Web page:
Under the provisions of these articles, the interested party is authorized to determine the question of a trespass having been committed by the stock; it is not provided that this question shall be inquired into by any other person or officer; its seizure is its condemnation, leaving nothing to be ascertained except the amount of damages. The same person must select the freeholders to assess the damages which he is to receive; the law makes him the sole actor in the matter. When thus selected, the freeholders are not required to hear evidence as to the trespass or the amount of the damages; in fact, they have no power to decide whether or not the trespass has been committed, but are confined to the amount of compensation. The owner has no voice in the selection of the freeholders, nor has he the right to appear before them in person or by attorney; he has no right of appeal, in fact no right except to pay the costs incurred and the damages assessed, or give up his stock. There is no hearing, no inquiry, and no trial before judgment; no officer to sell the property, nor process under which sale is to be made; nothing that bears the faintest resemblance to a judicial proceeding. Such a law affords no security to the owner of the stock; it is not due process of law, and the property is not sold "by the due course of the law of the land." These articles are therefore void (which of course does not affect other articles), and the court erred in overruling the demurrer to the answer, because it showed no title to the hog, nor justification for its detention. Cool. Const. Lim., p. 447; Rockwell v. Nearing, 35 N.Y. 302; Rhine v. McKinney, 53 Tex. 354. Under our Constitution the Legislature might accomplish all the purposes sought, giving to the person authorized to impound the stock his fees and compensation for injuries committed, to be ascertained under provisions of the law, which would afford the proper protection to the owner of the stock, by providing for a trial fair and impartial, though it might be a summary proceeding. Campbell v. Evans, 45 N.Y. 356; Grover v. Huckins, 26 Mich. 476; Campau v. Langley, 39 Mich. 451.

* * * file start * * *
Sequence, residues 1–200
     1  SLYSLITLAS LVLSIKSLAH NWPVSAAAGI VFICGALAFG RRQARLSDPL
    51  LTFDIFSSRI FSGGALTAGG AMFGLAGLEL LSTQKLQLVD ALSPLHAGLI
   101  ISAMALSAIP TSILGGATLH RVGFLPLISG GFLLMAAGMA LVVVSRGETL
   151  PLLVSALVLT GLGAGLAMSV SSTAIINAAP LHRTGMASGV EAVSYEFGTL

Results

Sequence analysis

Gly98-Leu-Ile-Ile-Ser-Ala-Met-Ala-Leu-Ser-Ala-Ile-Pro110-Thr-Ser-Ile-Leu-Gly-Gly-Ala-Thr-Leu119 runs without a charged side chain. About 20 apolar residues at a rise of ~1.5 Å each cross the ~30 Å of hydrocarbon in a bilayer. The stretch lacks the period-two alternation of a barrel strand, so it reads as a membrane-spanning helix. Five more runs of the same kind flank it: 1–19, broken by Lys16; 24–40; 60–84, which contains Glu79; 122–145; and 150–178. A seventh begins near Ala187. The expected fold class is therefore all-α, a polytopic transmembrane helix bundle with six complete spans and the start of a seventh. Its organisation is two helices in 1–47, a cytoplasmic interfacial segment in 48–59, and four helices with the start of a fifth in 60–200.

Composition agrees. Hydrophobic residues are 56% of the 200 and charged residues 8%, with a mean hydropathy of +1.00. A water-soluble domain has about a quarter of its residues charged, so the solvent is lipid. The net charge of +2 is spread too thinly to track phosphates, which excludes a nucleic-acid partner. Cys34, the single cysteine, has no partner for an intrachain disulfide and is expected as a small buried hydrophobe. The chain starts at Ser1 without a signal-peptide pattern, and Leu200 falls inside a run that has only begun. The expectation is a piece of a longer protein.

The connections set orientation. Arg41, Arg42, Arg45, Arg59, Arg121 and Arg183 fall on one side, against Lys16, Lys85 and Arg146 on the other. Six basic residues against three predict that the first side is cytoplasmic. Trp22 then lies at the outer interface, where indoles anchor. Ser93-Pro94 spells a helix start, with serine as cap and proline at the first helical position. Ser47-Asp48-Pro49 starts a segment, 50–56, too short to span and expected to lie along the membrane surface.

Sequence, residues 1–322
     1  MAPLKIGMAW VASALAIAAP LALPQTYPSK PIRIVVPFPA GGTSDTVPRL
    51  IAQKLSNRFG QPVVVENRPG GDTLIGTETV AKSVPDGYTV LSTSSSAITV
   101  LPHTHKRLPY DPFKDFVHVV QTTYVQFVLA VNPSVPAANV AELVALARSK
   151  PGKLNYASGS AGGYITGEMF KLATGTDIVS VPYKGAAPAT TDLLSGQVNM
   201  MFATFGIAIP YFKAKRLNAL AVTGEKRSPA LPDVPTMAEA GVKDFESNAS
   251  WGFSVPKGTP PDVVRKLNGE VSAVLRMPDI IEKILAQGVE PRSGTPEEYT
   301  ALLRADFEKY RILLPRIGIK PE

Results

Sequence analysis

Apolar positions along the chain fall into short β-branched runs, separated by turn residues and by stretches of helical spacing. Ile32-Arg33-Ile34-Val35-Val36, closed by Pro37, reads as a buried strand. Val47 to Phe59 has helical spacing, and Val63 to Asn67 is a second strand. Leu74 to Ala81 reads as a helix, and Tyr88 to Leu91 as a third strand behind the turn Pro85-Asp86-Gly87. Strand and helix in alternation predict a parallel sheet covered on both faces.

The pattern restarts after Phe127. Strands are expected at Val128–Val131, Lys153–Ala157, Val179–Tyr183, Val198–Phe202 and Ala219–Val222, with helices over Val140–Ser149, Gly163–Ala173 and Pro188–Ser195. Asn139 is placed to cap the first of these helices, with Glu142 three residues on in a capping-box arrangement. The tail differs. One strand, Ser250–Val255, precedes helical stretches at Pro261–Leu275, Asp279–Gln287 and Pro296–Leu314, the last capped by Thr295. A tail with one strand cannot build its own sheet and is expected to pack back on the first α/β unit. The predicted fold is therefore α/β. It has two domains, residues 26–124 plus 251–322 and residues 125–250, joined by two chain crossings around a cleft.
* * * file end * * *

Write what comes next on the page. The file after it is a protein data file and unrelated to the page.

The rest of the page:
To the third question, we answer, that the Legislature, being authorized by the Constitution to submit the law to the voters of any subdivision of a county, had the power to adopt the method of ascertaining the subdivision to be affected that seemed most advisable, and could authorize the voters to designate the boundaries of the subdivision in which they desired that the law should be applied. The policy of such a course was a matter for the consideration of the Legislature, and not of the courts.
To the fourth question, we reply, that section 23 of article 16 of the Constitution authorized the Legislature to pass a law regulating live stock, making it applicable to the entire State, or it might have exempted any county or counties from the operation of such law. The Legislature might also have enacted a law regulating live stock in any given county or in any subdivision of such county, or it might, as it did in this instance, pass a law not to be in force in any county or part of a county until adopted. In case of passing a local law either directly applicable to a particular locality, or a general law to be applied by a vote to a locality, such law could not be made operative until it was adopted by a vote of the freeholders of the locality or section to be affected. The power to pass a general law upon this subject is given by the first part of the section; but the authority to pass a local law is conferred by the proviso of the section which prescribes the condition, that it shall not go into effect except upon the vote of the freeholders of that section of the county.
Delivered March 21, 1895.